284 New COVID-19 Cases, 69 At San Diego State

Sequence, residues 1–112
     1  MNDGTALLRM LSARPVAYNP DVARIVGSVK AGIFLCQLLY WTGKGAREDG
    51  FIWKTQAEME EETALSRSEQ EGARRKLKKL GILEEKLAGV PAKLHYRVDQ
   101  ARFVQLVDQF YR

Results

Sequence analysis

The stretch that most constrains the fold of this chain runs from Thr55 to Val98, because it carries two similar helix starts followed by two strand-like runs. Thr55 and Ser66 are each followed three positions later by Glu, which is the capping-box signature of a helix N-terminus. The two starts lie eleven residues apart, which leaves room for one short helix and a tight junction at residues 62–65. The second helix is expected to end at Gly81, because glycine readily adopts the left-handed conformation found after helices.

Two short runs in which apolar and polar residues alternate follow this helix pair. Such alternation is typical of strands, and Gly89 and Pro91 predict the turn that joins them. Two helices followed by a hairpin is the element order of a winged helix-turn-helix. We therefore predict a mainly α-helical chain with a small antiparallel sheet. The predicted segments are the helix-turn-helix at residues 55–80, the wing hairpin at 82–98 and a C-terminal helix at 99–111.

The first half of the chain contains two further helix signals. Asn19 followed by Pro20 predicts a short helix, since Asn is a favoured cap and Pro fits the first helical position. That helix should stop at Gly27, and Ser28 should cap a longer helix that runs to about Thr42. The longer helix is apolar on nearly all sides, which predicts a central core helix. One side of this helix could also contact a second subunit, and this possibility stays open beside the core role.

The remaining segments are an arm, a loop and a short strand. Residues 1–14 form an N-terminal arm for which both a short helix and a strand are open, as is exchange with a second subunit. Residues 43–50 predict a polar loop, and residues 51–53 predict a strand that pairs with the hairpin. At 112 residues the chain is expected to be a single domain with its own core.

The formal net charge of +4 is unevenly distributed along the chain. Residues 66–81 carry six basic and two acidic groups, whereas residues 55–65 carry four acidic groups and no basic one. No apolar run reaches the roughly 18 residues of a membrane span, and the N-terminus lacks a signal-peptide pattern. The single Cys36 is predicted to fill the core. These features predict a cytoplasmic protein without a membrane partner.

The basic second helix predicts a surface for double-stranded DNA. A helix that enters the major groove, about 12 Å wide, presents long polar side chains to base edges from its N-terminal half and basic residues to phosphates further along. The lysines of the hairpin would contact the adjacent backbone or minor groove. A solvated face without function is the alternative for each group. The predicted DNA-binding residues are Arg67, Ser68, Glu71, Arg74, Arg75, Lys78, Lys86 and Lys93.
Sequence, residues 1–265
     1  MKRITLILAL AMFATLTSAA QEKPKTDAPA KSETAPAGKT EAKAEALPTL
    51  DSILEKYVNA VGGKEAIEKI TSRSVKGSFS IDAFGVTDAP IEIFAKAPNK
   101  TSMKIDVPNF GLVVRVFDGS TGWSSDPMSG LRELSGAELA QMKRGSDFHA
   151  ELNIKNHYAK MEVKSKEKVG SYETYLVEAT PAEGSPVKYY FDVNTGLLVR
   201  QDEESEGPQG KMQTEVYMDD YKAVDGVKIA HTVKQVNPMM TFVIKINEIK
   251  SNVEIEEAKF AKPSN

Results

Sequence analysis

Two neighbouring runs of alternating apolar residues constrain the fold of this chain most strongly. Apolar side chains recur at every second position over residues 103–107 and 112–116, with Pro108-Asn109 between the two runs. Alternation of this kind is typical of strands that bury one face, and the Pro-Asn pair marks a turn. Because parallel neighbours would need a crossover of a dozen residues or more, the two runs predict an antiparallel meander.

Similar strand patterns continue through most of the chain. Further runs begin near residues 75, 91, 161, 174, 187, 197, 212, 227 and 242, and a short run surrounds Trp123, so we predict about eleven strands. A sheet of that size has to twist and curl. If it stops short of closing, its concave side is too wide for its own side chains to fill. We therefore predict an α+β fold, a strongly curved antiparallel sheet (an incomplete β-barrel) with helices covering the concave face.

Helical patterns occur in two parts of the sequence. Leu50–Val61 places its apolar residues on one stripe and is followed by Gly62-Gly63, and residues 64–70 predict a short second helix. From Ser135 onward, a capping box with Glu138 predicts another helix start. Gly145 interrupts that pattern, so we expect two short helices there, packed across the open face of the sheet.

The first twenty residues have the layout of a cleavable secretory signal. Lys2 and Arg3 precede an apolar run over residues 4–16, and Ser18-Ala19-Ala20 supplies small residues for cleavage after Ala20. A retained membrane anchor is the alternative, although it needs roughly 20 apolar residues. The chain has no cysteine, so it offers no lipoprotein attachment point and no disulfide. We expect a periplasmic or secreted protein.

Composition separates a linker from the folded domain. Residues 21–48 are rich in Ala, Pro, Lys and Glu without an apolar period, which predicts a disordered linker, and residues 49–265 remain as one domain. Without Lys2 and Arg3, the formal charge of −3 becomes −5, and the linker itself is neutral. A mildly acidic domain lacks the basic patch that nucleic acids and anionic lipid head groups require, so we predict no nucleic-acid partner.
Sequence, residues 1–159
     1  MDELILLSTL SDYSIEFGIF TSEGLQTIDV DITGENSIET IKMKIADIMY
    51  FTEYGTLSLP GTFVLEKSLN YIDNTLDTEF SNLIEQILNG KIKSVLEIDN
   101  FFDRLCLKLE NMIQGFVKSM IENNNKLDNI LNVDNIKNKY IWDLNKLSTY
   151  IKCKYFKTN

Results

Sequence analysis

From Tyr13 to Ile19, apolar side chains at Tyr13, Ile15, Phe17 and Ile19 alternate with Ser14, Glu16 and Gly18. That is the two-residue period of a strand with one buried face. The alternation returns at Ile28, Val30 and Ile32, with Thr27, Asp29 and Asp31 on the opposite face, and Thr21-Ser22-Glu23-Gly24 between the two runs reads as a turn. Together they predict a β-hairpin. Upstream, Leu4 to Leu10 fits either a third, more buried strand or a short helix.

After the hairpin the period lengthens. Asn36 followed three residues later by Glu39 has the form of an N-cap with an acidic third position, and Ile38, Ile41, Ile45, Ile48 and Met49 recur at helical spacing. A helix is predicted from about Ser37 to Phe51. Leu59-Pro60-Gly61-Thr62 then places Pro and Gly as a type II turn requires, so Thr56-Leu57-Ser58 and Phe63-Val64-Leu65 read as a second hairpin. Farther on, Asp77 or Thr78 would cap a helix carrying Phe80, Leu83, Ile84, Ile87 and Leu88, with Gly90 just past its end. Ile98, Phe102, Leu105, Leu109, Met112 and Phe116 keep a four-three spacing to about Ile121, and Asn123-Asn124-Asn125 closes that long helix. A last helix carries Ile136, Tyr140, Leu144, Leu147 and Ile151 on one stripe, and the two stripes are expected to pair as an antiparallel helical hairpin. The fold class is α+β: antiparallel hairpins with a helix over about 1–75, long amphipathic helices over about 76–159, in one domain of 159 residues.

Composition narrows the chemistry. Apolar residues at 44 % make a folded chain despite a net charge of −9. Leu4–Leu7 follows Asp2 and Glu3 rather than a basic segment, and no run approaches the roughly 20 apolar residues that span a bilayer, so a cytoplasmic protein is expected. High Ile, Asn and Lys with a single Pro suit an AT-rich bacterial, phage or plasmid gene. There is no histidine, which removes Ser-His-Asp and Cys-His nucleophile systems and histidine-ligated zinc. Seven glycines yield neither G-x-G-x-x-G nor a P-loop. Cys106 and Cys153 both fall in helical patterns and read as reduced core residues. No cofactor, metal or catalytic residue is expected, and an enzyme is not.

The Valley Fire is about 35 percent contained, as of Thursday night. Evacuation Orders were lifted overnight for some, not all, areas near the Valley Fire. People can now return home to Areas near the Japatul Valley, Hidden Glen and Carve-Acre. Those returning to these areas will need some proof of residency to get entry. Evacuation orders are still in effect for Lyons Valley Road east of Barrett Lake road, Forest Park road and all roads connecting to it, and Rudnick Dr... East of Forest Park Road. Fire officials say people who live in areas impacted by the fire can call 2-1-1 for the latest non-emergency information like evacuation orders, shelters and road closures. For the latest on the fire, go to kpbs dot org and fire dot CA dot gov. San Diego Mayor Kevin Faulconer ordered the city's controversial streetlight surveillance cameras be turned off this week. The city obtained the so-called "smart streetlights" in 2016, with the goal of monitoring traffic patterns and improving transportation planning. But law enforcement began using the streetlights as a surveillance tool — and the police created their own policy for how to use them. The City Council wants more oversight and regulation of the cameras. City Councilmember Monica Montgomery says she's glad the mayor is shutting them off, for now. We're going to get there, everyone's moving in the right direction. But I'm glad that there will be an ordinance in place to set these oversight parameters for how this can be used as a public safety tool. Montgomery proposed a surveillance ordinance and the creation of a Privacy Advisory Commission in July. Those actions are waiting for a vote at the full City Council. UC San Diego will welcome thousands of students back to campus in about two weeks. This Monday, UCSD administrators received a letter signed by 600 students, alumni and faculty urging the university to reconsider its plans to reopen. University officials, however, say they're confident in their rigorous testing and safety protocols. They include testing for all students and staff twice a month. Robert Schooley is an infectious diseases expert at UCSD who helped create the reopening plan. We have to try to figure out how to operate our schools, our businesses and our society in a new environment in which we're gonna have the coronavirus looking over our shoulders for quite a while. The first day of school at UC San Diego is September 28th. I’m Annica Colbert. It’s Friday, September 11th. This is San Diego News Matters from KPBS News...a daily morning news podcast powered by everyone in the KPBS Newsroom. Stay with me for more of the local news you need to start your day. Civil rights and non profits groups staged a public art project on Thursday. The project’s goal was to remind people of the history of redlining or discriminatory housing policies in San Diego. KPBS’ Tania Thorne reports. Volunteers armed with red washable spray paint set out to create red lines on streets and sidewalks in La Jolla and Kensington. They did it to show where red-lining happened in the past. Redlining was a form of discrimination used by banks and realtors to prevent home buying by minority groups some neighborhoods. Red lines were also drawn to determine where poor people were allowed to live. In La Jolla, Marissa Borquez was marking an area, once considered "servants quarters" where the so-called "serving class" lived. 0:36 - 0:42 "If you were a person of color in La Jolla at this time, this is the only place you were allowed to live" The red lines were being drawn in front of Bishop's School in La Jolla. And at one point security guards arrived, called the red lines an act of vandalism and threatened to call the police. Bishop's school later emailed KPBS. They apologized and said the action of the security guards was a misunderstanding. Tania Thorne KPBS News The downtown convention center was turned into a homeless shelter five months ago. And since then, city officials say that 525 people have been housed. They say another 200 will find housing by September. Lisa Jones is with the San Diego Housing Commission. Frankly, we are exercising the opportunity of a true crisis, to leverage people to change. She says the city and its partners at the county and the state were able to speed up certain processes, and tap into new resources,...all because of the emergency presented by the pandemic. The program is dubbed, "Operation Shelter to Home." Almost half of the people moved through convention center housing are put into permanent, supportive housing. Others have found temporary housing through the city, or moved in with friends or family. The convention center shelter is scheduled to close by the end of this year. More Californians will be guaranteed sick leave if they are exposed to COVID-19...that’s according to a bill signed by Governor Gavin Newsom this week. CapRadio’s Scott Rodd says existing laws leave out some workers. There’s a patchwork of state and federal policies to protect workers during the pandemic. But that has left gaps for employees at large companies. The bill guarantees 2 weeks of paid sick leave for full-time workers at companies with 500 or more employees. The new coverage is set to expire at the end of the year. Labor groups are calling on the state and federal government to extend the protections into 2021. Balboa Park's South Palisades is undergoing a lot of changes, and the Comic-Con Museum hopes to be a big part of that. KPBS Arts reporter Beth Accomando has the latest from the museum's press conference this morning. Comic-Con Museum took over the Hall of Champions in 2017. Yesterday it revealed a video of what the renovated building will look like and announced it was halfway to its $34 million fundraising goal. Steering committee Chair Patti Roscoe discussed the museum's role in the Balboa Park's South Palisades. PATTI ROSCOE This space represents a new beginning on so many levels. It's an opportunity for Museum to play a role in San Diego's economic recovery and its resurging tourism industry. We see it as a partner and contributor in bringing renewed life and energy to the park and city. The Museum plans to open next summer but in the meantime it does have virtual offerings such as the upcoming SAM or Storytelling across Media. Beth Accomando, KPBS News. This fall, California voters will decide on a dozen ballot measures, including Proposition 15 which would ultimately mean higher taxes for many big businesses. As CapRadio’s Chris Nichols reports, the initiative would provide new revenue for schools and local governments. Prop 15 is expected to raise as much as 12 billion dollars every year … for local schools, community colleges, cities and counties. It would do this by removing a property tax protection for big businesses … one that was granted in the 1970s under Proposition 13. The protection for homeowners would remain. Here’s Yes on 15 spokesperson Alex Stack: Stack bite 1A: “We’re talking about Hollywood movie studios, companies in Silicon Valley, like IBM and Intel, which have been around for decades, haven’t changed ownership and are still paying property taxes based on assessments from the 1960s and 70s,” (:16) Under Prop 15, these large corporations would have to pay property tax based on current market value. Right now, they pay a much lower rate based on the original purchase price. But Rob Lapsley of the California Business Roundtable says the tax hike would harm not just big companies, but small ones, too. The owners of large commercial properties will pass the increase on to smaller tenants such as restaurants, Lapsley says, in the form of higher rents and fees. Lapsley bite 3: “Ultimately, everybody pays this tax. But most importantly, the small business owner is going to get hit exactly at the wrong time in this economic crisis.” The tax increase would kick-in in 2022 for some properties, but not until three years later for those where half or more of the tenants are small businesses. In Sacramento, I’m Chris Nichols. San Diego has been allowed to gradually reopen bars, restaurants, gyms, the zoo, and even museums...but playgrounds are still closed. KPBS investigative reporter Claire Trageser tried to find out what's going on. We all have that thing we miss most from our pre-pandemic life. For four-year-old James McCann it's the playground near the small condo he shares with his parents in University Heights. Ask him why he can't go there anymore, and he answers with the euphemism his parents were using until he caught on. "Because of the thing going around." Now, he's left playing baseball and dancing in the grass at Trolley Barn Park. Still, he's optimistic. "They'll stay closed for a while and then they'll open up." When might that be? "When the thing stops." Unfortunately, he might be right. Unlike everything else, playgrounds aren't part of any phased reopening plans at the local or state level. “Playgrounds should also remain closed." The decision rests with the California Department of Public Health, which has said parks can be open with restrictions. One of them is that playgrounds stay closed. A spokesman declined repeated interview requests, but answered questions over email. "The possible large number of individuals touching the same surface, particularly younger children who are less likely to practice hand hygiene and wear masks." — California Department of Public Health Spokesman He said playgrounds haven't opened because of "the possible large number of individuals touching the same surface, particularly younger children who are less likely to practice hand hygiene and wear masks." But multiple doctors and infectious disease experts tell KPBS that playgrounds are far safer than indoor activities, citing a growing body of evidence that COVID-19 is much more likely to be passed when breathing and talking, not by touching surfaces. "If it's safe to go to a restaurant and drink inside, it's certainly safe for a kid to go down a slide." Rebecca Fielding-Miller, an epidemiologist at UC San Diego, bristled at the idea that bars and restaurants have been able to reopen indoors at limited capacity, while playgrounds, which are completely outdoor spaces, stay closed. "This is a palpable demonstration of who is and who isn't at the table when we talk about what to reopen...00:11:48:07 It speaks volumes about priorities and who is there to advocate for a low risk environment that benefits families, especially families with young children who are often marginalized and almost forgotten about." Dr. Mark Sawyer, an infectious disease specialist at Rady Children's Hospital, says he worries more about kids not getting exercise and not socializing than the small chance they pick up the virus from a play structure that sits in the sun all day. "We spent the last two decades trying to get kids to be physically active, and now it's a challenge keeping kids active." Photos in Google Drive folders Huntington Beach, Sacramento While the playground rules apply across the state, a few cities appear to not be enforcing them with the same vigor as San Diego. For example, photos sent to KPBS from Huntington Beach and Sacramento show no yellow caution tape or signs saying playgrounds are closed. Photos in Google Drive folder called "San Diego" Meanwhile in San Diego, police don't spend any time writing mask citations but playground closures are enforced with caution tape, orange fencing, and even road block signs padlocked to the top of slides. And city park staff are under orders to rewrap a playground in caution tape if it's torn down, says a city spokesman. That takes up to an hour. And given that the city has 279 playgrounds- a lot of time spent re-wrapping caution tape. The epidemiologist Fielding-Miller calls it... "Security theater of closing playgrounds as their way to demonstrate something is being done." Some families KPBS spoke to admit they're beginning to ignore the caution tape. "Kids need the park." Jessica Pruitt brought her two kids and nephew to Central Avenue Mini Park in City Heights one afternoon last week. "They need to get their energy out, they need this, I need this. We tore the tape down last time, and we'll probably end up doing it again this time." Early on, Pruitt says she was committed to following the rules, but her resolve has weakened. "I told them about the tape and the coronavirus and that we're not supposed to use it. But now, they're not going to care about the tape, they're just going to want to play." Other parents have taken a different approach, saying that while they may not agree with the rule, they don't want to teach their kids that they can choose what rules to follow and what rules to break. Unfortunately for James McCann, that parenting group includes his mom, Liz. "We're trying very hard to use some of this as a learning experience to point to, we need to keep other people safe and we need to do things to stay clean. I'm not trying to raise a little scofflaw." Claire Trageser, KPBS News That was KPBS Investigative Reporter Claire Traegeser. After an inquiry from KPBS, state Assemblywoman Lorena Gonzalez, who represents parts of San Diego, said she planned to write a letter to the governor's office asking what the plan would be for reopening play structures. Coming up on the podcast….misinformation about voting... “And recently we saw some really questionable claims pop up on social media about this. On Instagram, posts said Californians would be turned away from the polls on Election Day.” We’ll have a polti-fact-checking conversation from our partners at Cap Radio in a series they’re calling “Can you Handle the Truth?” That’s up next, after this. There’s a lot of bad information out there on social media…. Really. So today We bring you the first of what'll be a weekly conversation with Cap Radio's Politi-Fact California reporter Chris Nichols. Today we hear about his latest fact-checks and reports on misinformation. It's called "Can You Handle the Truth?" Chris spoke with Cap Radio's Steve Milne [Notes:MILL-nee] . BODY 3:38 ...a role in the ratings we select. [Notes:STEVE:] Chris, it's after Labor Day and election season is in full-sprint … you've published several fact checks on voting recently. Let's start with the one you did on in-person voting. [Notes:CHRIS:] Even with all the plans for mail-in voting, Californians can go to the polls in-person this fall, if they choose to. And recently we saw some really questionable claims pop up on social media about this. On Instagram, posts said Californians would be turned away from the polls on Election Day unless they made a change in their voting preference and marked "No to mail in voting." We spoke with Sam Mahood of the California Secretary of State's Office, who described this as simply false. [Notes:Sam Mahood 2way bite: "There was a lie or inaccuracy in just about every sentence of that post. Let's be clear, you do not have to change anything with your voter registration in order to participate in-person in this election." (:12)] [Notes:STEVE:] Chris, what rating did you give to that claim? [Notes:CHRIS:] Because it was so extreme and reckless, we gave it our most severe rating: Pants On Fire. I should note that after we contacted them, the Secretary of State's Office contacted Facebook and Instagram and many of those posts were taken down within a couple of hours. [Notes:STEVE:] You also did some research on the laws that make voting more than once a crime in California and across the country -- this was after President Trump last week encouraged people in North Carolina to vote by mail and in person. [Notes:CHRIS:] That's right. We found that under California law, voting twice is a felony -- and it's punishable by up to 3 years in prison. Under federal law, you can be sent to prison for up to 5 years. So, really the message on this one is: Have a plan, go out and vote in this election, but do it just once! [Notes:STEVE:] Finally Chris, there's been a lot of misinformation about a proposed law awaiting Governor Gavin Newsom's signature. It's by state Senator Scott Wiener of San Francisco. Tell us about that: [Notes:CHRIS:] For months now, there's really been an onslaught of false and distorted claims about Senate Bill 145. One of the most outrageous ones is that the bill "legalizes pedophilia" in California. And that's just not the case. The bill would give judges additional discretion on who gets placed on the sex offender registry for life. Under current law, a judge decides whether to place young adults on that list after they are convicted of statutory rape, meaning non forcible intercourse, involving a heterosexual sex act. This bill would give a judge that same discretion in cases involving certain sex acts mainly affecting LGBTQ young adults who are convicted of statutory rape. Here's Scott Wiener discussing the disparity in the law. [Scott Wiener 2way bite 2: "It's irrational, it's discriminatory. It absolutely has to change and we're committed to doing what it takes to pass this important civil rights legislation." (:11)] [Notes:STEVE:] How did you rate the claim in this case? [Notes:CHRIS:] It also earned our worst rating, Pants On Fire. [Notes:STEVE:] Chris ... remind us ... how does this new Cap Radio initiative work -- how do you go about fact-checking misinformation on Facebook and Instagram? [Notes:CHRIS:] "It's no secret that the posts and information on Facebook, whether fact or fiction, affect how people vote. We want to hold Facebook users accountable to the truth, because this election it matters more than ever. That's why Politifact California is focusing on Facebook to fact-check false news and misinformation on social media… this includes posts on the Facebook and Instagram platforms. Facebook does not decide what CapRadio should fact check, nor does it have a role in the ratings we select." That's Cap Radio's Politi-Fact California reporter Chris Nichols. Find more fact checks at Politi-Fact-dot-com-Slash-California. That’s it for our podcast today, thanks for listening and have a great weekend.